Robert Tanitch reviews the latest DVDS
PHILOMENA (Fox). A well-known journalist helps an old Irish lady to track down her illegitimate son who had been sold for £1,000 fifty years previously by the nuns when she was in their care. The search takes them to America. A tragic story (which needs to be told) is laced with humour and the unlikely relationship between journalist and old lady is perfectly judged by Judi Dench and the unexpectedly serious Steeve Coogan. Stephen Frears’s film, full of anger, compassion and forgiveness, is strongly recommended.
A YEAR IN PROVENCE (BBC). Peter Mayle’s unexpected best-seller resulted in so many tourists visiting Menerbes that many ex-pats, who also had decided to have a second home in Provence, thought he had destroyed the area. Then this sentimental, undemanding, mildly amusing TV series, headed by John Thaw and Lindsay Duncan, brought even more tourists. Mayle himself had such hordes of unwanted visitors that he sold his property. French actors are cast in the French roles but that doesn’t make their characterisation any the less patronising.
SAVING MR BANKS (Walt Disney). PL Travers never wanted Walt Disney to film her Mary Poppins stories. She, very rightly, did not trust him; and in real life she absolutely loathed the finished film. Travers (Emma Thompson) comes across as a very disagreeable person, very rude and impossible to work with. The script has far too many flashbacks to her Australian youth and her alcoholic father. Tom Hanks, who plays Disney, is all charm; but then he could hardly be anything but, since it’s a Walt Disney film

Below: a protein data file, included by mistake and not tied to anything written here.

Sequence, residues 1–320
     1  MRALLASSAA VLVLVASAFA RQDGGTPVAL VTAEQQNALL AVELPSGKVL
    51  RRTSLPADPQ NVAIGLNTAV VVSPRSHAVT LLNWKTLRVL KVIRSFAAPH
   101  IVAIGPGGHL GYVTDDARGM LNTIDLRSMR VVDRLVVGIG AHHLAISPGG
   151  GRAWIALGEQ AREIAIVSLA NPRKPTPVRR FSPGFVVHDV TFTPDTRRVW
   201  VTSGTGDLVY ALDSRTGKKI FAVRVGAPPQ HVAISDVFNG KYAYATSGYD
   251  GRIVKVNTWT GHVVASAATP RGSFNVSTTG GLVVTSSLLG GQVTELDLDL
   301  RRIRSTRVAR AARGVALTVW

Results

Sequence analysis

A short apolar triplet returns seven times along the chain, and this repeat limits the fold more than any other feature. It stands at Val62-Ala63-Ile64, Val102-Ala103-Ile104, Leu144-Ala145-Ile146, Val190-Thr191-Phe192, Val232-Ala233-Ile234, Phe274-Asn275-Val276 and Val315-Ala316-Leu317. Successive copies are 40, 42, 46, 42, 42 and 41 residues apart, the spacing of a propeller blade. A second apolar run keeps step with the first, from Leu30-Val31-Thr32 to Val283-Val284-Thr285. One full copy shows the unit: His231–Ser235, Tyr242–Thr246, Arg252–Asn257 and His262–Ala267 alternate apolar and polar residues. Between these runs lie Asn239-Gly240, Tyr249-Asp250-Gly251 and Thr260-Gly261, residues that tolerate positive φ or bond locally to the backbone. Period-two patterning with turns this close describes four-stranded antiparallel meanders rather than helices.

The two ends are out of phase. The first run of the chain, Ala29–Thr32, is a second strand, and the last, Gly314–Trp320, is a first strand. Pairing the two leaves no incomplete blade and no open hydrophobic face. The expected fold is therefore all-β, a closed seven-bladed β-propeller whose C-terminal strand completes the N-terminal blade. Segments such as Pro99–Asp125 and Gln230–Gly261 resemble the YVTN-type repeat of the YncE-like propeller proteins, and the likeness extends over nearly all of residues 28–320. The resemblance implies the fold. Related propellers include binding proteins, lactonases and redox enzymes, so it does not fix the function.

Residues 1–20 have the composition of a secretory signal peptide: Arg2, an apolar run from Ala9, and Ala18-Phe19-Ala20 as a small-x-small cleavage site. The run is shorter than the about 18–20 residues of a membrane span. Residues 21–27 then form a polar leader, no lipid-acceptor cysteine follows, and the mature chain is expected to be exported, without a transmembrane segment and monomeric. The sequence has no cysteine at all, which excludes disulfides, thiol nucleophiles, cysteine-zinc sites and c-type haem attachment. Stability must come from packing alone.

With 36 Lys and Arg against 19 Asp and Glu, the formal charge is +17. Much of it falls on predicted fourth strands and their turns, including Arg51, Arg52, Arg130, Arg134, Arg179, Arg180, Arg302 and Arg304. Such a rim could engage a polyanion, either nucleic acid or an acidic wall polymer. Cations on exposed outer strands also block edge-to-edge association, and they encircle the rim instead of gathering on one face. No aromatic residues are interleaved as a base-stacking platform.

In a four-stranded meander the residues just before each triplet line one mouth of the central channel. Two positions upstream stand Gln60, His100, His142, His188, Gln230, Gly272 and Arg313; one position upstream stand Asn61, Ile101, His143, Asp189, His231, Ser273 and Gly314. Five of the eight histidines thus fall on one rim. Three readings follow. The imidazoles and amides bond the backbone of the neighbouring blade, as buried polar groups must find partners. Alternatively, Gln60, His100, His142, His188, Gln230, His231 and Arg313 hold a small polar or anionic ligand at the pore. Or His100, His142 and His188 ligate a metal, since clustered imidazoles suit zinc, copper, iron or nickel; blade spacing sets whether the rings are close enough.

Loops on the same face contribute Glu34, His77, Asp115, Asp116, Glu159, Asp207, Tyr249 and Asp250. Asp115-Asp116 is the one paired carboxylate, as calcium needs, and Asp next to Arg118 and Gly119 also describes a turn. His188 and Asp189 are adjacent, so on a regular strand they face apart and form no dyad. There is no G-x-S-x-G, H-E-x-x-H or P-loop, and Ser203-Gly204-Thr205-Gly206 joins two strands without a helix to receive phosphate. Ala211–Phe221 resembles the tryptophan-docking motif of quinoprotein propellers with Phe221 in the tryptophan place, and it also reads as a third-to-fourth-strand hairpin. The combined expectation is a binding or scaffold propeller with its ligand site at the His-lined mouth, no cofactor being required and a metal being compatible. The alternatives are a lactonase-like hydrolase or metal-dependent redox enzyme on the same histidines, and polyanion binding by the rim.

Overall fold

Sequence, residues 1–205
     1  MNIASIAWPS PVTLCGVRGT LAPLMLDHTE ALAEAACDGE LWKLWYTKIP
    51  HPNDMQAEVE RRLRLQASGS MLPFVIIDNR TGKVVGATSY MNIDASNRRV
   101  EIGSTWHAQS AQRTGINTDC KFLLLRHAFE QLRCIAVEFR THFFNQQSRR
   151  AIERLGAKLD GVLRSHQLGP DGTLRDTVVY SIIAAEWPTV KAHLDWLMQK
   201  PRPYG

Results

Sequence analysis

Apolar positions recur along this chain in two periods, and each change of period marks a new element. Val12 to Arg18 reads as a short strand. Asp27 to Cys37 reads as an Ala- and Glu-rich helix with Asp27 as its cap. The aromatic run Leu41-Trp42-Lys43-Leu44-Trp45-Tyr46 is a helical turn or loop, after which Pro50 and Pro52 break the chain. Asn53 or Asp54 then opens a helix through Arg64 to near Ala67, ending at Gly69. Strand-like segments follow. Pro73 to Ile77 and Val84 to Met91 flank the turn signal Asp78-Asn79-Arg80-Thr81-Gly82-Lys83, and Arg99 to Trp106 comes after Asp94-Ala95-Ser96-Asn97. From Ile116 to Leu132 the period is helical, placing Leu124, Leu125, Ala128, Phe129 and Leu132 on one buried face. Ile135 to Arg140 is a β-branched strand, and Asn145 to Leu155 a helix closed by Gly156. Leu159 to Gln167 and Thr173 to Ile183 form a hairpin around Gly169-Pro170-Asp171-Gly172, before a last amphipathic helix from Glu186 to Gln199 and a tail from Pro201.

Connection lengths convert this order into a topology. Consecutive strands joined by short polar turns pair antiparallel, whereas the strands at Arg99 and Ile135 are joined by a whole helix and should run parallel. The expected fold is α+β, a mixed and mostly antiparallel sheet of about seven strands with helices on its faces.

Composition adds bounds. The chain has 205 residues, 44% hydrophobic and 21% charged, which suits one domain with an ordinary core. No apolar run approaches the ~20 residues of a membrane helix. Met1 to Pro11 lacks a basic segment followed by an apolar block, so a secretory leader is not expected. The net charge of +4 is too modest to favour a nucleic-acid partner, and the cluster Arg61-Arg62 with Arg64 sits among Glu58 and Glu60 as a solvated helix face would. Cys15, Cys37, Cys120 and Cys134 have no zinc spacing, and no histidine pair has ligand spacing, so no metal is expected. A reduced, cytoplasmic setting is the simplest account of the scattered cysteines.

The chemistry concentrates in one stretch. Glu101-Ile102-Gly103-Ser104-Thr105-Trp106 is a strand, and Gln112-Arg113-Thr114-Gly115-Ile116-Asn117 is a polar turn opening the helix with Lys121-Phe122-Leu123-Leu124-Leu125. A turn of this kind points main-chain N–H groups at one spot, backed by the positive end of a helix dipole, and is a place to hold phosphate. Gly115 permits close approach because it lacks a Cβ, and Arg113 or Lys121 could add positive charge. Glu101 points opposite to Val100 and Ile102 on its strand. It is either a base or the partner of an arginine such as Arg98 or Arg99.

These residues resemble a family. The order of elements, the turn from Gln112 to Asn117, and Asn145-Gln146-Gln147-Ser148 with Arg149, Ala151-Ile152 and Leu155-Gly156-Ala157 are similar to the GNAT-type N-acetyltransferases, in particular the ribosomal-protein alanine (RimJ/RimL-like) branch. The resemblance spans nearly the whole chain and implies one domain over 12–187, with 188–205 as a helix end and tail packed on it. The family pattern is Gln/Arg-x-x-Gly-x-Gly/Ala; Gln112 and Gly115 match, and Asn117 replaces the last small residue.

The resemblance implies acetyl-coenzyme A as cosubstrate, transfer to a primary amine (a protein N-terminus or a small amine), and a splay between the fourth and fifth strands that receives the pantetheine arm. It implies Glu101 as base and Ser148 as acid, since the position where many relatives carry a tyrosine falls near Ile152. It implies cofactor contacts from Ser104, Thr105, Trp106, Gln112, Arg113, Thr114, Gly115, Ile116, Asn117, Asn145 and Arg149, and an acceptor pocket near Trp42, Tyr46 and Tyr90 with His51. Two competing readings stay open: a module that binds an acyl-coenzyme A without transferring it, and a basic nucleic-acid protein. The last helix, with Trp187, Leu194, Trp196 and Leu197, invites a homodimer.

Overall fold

JEUNE ET JOLIE (Lionsgate). How would you cope if you found out that your 17-year-old daughter has turned to prostitution? A French mother desperately wants to know why? But neither the director, Francois Ozon, nor the actress, Marina Vacth, comes up with any answer, both remaining totally impassive throughout the film. It remains a mystery. The girl doesn’t need the money and she doesn’t enjoy the sex with her elderly clients in posh hotels. There is no emotion whatsoever.
WHITE DOG (Eureka). Samuel Fuller’s powerful film which dates from 1982 gets a very rare viewing. A young woman adopts a beautiful Alsatian dog and finds that he has been trained to attack and kill black people. Can a black trainer (Paul Winfield) re-educate the dog so that it is no longer racist? Or will the dog have to be put down? The studio was so frightened the film would actually incite racism that it never got a proper release.
BAD COUNTRY (Sony). Contract killer turns informant and works with a good cop to bring down a big criminal organisation. The presence of Matt Dillon and Willem Dafoe (two compelling actors with splendid walrus moustaches) makes you think this thriller is going to be darker and deeper than it is and certainly better than its predictable volatile finale, a seen-it-all-before shoot-out.
DON JON (Warner) Twenty-something single man, singularly charmless, prefers porn to sex. He meets a girl (Scarlett Johansson) who prefers romantic comedy to reality. Things don’t work out for him until he meets a mature woman (Julianne Moore, no less). Joseph Gordon-Levitt acts, writes and directs this autobiography which is very much hands-on. The satire tries hard to be funny and serious at the same time and fails; and is only relentlessly crude.
DIANA (One Entertainment) concentrates on the last two years of the life of the Princess of Wales and her lesser-known affair with Hasnet Khan, a Pakistani heart surgeon. It was love at first sight; but it was never going to work, what with the constant media pressure and she a Christian and he a Muslim. Naomi Watts (who doesn’t look like Diana) and Naveen Andrew, inevitably, can’t do much with such a trivial and bland script.